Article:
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Basic help with Hadrons

  1. Nov 20, 2008 #1

    Im not going to lie, im new to partical physics. Right now im writing my Junior Research Paper on the LHC wich brings up the Hadron. Wikipedia has a very confusing article about hadrons

    it states that protons "composed of two up quarks (each with electric charge +2/3) and one down quark (with electric charge -1/3). Adding these together yields the proton charge of +1"

    i also know that protons have a charge of +1. So to me they sound like the same particle. Also, i remember reading that a proton is in a group of quark comprized particles called hadrons.

    please help me distinguish these particles :)
    Last edited: Nov 20, 2008
  2. jcsd
  3. Nov 20, 2008 #2
    There are 6 different types of quarks. Excluding the top (which is too unstable), you have 5. Each quark has a corresponding anti-quark.

    "Hadron" is a generic term that denotes a composite particle that is consists of quarks and antiquarks.

    There are two known families of hadrons: baryons and mesons. Any 3 quarks can combine to form a composite particle. The family of such 3-quark composite particles is called baryons. In addition, any quark can combine with any anti-quark, and these composite particles are called mesons.

    Proton is the only stable member of the family of hadrons. (There are theories that protons might decay, but so far there's no evidence of that) Neutron is "almost" stable (free neutron has a half-life of around 15 minutes). All other hadrons decay in fractions of a second.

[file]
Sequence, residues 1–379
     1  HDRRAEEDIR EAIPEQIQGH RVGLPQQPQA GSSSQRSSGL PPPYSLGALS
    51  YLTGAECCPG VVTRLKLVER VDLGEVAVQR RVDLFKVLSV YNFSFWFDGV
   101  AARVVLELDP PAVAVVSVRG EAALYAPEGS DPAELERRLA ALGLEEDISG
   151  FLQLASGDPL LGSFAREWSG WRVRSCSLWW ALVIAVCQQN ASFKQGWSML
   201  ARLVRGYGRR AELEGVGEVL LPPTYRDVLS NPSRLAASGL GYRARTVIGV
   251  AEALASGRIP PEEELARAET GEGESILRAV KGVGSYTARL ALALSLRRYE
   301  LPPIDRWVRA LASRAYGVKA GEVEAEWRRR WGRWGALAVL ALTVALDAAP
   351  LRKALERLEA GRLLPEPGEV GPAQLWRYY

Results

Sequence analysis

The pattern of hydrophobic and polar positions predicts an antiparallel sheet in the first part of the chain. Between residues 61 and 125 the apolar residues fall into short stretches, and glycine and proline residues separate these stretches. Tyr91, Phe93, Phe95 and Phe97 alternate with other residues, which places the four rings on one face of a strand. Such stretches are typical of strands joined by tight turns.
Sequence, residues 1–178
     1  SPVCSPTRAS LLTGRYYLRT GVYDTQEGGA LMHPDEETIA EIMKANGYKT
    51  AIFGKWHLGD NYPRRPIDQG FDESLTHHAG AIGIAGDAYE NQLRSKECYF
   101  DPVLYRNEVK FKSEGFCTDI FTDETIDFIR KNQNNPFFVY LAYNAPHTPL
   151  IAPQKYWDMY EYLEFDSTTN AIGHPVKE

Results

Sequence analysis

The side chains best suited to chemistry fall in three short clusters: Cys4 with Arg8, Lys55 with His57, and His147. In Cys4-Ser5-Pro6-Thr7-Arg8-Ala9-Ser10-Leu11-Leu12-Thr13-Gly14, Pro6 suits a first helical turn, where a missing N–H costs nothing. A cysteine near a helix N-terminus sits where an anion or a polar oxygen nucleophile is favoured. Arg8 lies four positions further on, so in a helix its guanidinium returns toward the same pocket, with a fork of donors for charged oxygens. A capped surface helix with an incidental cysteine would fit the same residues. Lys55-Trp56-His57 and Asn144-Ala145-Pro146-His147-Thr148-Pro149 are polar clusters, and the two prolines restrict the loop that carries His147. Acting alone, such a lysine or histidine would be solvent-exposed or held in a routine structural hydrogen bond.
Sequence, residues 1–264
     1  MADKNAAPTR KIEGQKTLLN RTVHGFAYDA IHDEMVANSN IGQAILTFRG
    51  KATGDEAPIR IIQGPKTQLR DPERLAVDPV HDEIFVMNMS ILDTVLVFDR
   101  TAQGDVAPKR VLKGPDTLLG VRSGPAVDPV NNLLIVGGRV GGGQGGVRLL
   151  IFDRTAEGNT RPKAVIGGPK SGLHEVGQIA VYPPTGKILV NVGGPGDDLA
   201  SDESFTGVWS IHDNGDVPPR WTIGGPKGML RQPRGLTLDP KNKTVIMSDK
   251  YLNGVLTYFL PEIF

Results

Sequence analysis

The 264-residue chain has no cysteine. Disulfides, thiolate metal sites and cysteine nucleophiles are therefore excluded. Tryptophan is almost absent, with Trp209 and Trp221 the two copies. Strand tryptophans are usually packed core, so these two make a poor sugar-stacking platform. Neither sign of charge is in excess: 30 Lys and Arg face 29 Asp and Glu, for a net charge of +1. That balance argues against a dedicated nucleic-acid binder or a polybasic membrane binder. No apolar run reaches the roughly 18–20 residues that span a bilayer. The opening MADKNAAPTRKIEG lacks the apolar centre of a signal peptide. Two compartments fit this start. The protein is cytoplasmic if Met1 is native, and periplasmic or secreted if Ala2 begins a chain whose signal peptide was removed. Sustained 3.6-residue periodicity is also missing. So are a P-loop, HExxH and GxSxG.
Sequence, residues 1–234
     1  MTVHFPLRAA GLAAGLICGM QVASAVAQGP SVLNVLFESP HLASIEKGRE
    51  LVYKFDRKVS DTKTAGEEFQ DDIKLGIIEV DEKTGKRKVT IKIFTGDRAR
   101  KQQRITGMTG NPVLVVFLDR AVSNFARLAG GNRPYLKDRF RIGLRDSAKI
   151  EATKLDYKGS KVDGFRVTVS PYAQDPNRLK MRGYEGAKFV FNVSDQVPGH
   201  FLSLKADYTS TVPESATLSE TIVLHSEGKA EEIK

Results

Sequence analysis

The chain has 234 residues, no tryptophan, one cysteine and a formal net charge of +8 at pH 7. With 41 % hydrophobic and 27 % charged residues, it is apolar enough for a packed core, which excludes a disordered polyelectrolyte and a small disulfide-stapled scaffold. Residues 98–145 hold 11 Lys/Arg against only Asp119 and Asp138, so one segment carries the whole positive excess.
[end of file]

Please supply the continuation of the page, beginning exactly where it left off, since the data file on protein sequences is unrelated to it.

4. Nov 26, 2008 #3
    Thank you for the information. That was a very clear explination

    There should be a karma system or something simmelar after the forums move to another server. +1 for you.
  5. Nov 30, 2008 #4
    Being pedantic, we don't know it's stable, we just know it at least has a massive lifetime, PDG tells me it's greater than 1.6 x 1025 years in a mode dependent measure, or greater than 1031 to 1033 years depending on mode. It is dangerous to make explicit statements on these things ;)
  6. Dec 1, 2008 #5
    It's impossible to prove unequivocally that something is stable. This same argument can be applied to any other particle. E.g. we don't know that electron is stable, but we don't have any evidence that it decays. If we want to apply the term "stable" to any particles at all, we have to invoke the principle of presumption of stability: X is stable unless proven to decay.
  7. Dec 1, 2008 #6
    True, and the same argument can be applied quite generally to any scientific "truth". We don't know that the Sun will rise tomorrow actually...
  8. Dec 1, 2008 #7
    Yes, but it's more interesting to bring attention to the half-crackpot theories which predict the destruction of everything and everyone you've ever known.
  9. Dec 1, 2008 #8
    Except that the theories bomanfishwow is refering to are far from "crackpot" theories.
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